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EnglishEdit

EtymologyEdit

Alteration of vowel in the word schwa to more closely approximate the sound described.

NounEdit

schwi (plural schwis)

  1. (phonetics) An indeterminate near-close central unrounded vowel sound as the "e" in "roses" or the "y" in "very", depending on accent; sometimes represented as [ɪ] in IPA.
    • 1966, Albert J. Mazurkiewicz, The Initial Teaching Alphabet and the World of English: Proceedings:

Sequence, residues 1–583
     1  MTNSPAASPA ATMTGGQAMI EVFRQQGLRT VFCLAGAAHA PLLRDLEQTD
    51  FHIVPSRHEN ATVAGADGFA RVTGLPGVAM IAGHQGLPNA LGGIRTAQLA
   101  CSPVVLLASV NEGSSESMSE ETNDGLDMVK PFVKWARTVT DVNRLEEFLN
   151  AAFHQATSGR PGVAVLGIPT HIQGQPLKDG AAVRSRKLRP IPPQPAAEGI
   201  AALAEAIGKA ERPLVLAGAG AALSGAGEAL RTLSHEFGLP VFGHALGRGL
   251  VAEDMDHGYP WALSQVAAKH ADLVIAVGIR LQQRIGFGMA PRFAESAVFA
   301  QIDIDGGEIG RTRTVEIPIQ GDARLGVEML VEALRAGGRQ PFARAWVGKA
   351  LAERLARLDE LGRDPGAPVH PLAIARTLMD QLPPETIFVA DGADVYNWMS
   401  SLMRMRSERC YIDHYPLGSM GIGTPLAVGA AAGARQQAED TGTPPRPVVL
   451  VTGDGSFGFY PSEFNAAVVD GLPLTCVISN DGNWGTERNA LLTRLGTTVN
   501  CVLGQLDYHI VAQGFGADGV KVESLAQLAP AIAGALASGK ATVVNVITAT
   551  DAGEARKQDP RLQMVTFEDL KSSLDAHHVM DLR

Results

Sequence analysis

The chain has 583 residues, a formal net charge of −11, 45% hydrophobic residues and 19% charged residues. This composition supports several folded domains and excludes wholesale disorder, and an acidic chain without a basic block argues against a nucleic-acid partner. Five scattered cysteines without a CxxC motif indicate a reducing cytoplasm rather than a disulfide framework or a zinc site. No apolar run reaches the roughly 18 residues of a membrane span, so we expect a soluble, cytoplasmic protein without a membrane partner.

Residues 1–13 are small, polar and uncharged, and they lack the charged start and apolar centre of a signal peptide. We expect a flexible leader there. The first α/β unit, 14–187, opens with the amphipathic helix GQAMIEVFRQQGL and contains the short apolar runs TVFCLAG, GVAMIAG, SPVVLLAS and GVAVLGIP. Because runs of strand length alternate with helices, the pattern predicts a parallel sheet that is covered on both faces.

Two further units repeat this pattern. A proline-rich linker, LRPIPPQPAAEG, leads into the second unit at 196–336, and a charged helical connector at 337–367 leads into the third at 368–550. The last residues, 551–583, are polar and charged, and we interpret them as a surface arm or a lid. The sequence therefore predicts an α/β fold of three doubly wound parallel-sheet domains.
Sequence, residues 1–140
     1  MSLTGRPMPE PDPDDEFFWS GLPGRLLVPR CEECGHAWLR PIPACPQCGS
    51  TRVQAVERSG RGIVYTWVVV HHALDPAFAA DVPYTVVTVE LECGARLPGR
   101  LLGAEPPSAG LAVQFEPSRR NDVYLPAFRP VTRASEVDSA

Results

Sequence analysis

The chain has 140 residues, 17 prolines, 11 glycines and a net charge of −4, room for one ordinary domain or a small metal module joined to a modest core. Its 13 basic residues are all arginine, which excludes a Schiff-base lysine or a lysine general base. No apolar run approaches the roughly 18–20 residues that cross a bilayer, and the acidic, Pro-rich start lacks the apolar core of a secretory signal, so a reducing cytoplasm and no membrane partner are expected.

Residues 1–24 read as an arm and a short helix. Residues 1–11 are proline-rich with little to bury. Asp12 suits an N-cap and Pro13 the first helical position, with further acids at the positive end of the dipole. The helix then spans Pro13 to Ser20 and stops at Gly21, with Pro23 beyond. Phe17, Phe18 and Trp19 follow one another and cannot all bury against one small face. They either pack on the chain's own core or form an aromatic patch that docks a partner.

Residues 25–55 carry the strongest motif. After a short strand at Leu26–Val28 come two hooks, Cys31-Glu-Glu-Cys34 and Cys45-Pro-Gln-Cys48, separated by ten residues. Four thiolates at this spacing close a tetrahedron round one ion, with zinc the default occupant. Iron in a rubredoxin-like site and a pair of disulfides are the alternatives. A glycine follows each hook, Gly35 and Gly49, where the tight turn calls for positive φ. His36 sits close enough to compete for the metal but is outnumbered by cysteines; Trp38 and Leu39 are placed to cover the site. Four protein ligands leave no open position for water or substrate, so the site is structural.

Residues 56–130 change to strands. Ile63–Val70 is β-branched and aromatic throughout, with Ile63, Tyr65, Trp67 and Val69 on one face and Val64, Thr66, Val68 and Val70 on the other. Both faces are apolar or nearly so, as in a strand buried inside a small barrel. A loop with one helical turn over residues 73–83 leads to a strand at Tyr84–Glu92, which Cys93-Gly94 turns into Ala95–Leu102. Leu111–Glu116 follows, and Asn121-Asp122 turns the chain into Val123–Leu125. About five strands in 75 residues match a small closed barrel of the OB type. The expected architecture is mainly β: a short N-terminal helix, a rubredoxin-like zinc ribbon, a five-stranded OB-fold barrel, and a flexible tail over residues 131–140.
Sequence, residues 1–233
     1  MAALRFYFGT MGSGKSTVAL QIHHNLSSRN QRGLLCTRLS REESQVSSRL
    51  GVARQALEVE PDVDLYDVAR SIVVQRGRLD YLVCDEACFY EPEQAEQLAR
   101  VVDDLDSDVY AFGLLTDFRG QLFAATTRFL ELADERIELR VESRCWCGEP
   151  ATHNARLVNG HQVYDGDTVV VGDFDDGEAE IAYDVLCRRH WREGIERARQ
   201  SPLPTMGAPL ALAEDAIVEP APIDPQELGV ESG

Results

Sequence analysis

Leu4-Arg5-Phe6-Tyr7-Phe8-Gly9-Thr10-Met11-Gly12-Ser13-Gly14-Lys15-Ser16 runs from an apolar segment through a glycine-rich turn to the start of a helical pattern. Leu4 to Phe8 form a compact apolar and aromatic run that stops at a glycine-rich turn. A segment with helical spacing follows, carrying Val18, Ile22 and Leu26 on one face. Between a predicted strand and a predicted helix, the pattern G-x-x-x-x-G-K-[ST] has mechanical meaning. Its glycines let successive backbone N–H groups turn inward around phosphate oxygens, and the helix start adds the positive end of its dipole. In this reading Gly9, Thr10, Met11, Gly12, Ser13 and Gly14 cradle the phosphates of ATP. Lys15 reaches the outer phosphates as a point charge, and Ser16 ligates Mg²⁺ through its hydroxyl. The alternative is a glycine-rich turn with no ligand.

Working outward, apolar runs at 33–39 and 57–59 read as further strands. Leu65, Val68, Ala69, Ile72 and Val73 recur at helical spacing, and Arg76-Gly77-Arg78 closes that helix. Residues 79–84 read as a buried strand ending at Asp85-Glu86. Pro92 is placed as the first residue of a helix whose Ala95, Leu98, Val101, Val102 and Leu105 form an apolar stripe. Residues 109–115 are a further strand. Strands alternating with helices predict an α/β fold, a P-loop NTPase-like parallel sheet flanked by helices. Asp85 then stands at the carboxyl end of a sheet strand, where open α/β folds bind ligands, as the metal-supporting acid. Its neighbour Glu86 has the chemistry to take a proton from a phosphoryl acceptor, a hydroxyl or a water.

Similarly the syllable "day" in "Sunday" is to be printed smaller than the rest of the type and in the higher position to show, first that the vowel is unstressed and second that the sounds needs to be "schwi,"
    • 1972, Marsha Fabian & ‎Mary Rhodes Hoover, Patterns for reading, page 141:
      Accent Hint No. 1 -- if the first syllable contains a one-syllable prefix, the vowel in that syllable is unaccented and thus is probably a schwa /ə/ or schwi /i/.
    • 2002 January, Steve Bett, “The number of phonemes in English”, in Journal of the Simplified Spelling Society:
      Should the schwa [ago] and schwi [very] be represented with a unique phonogram?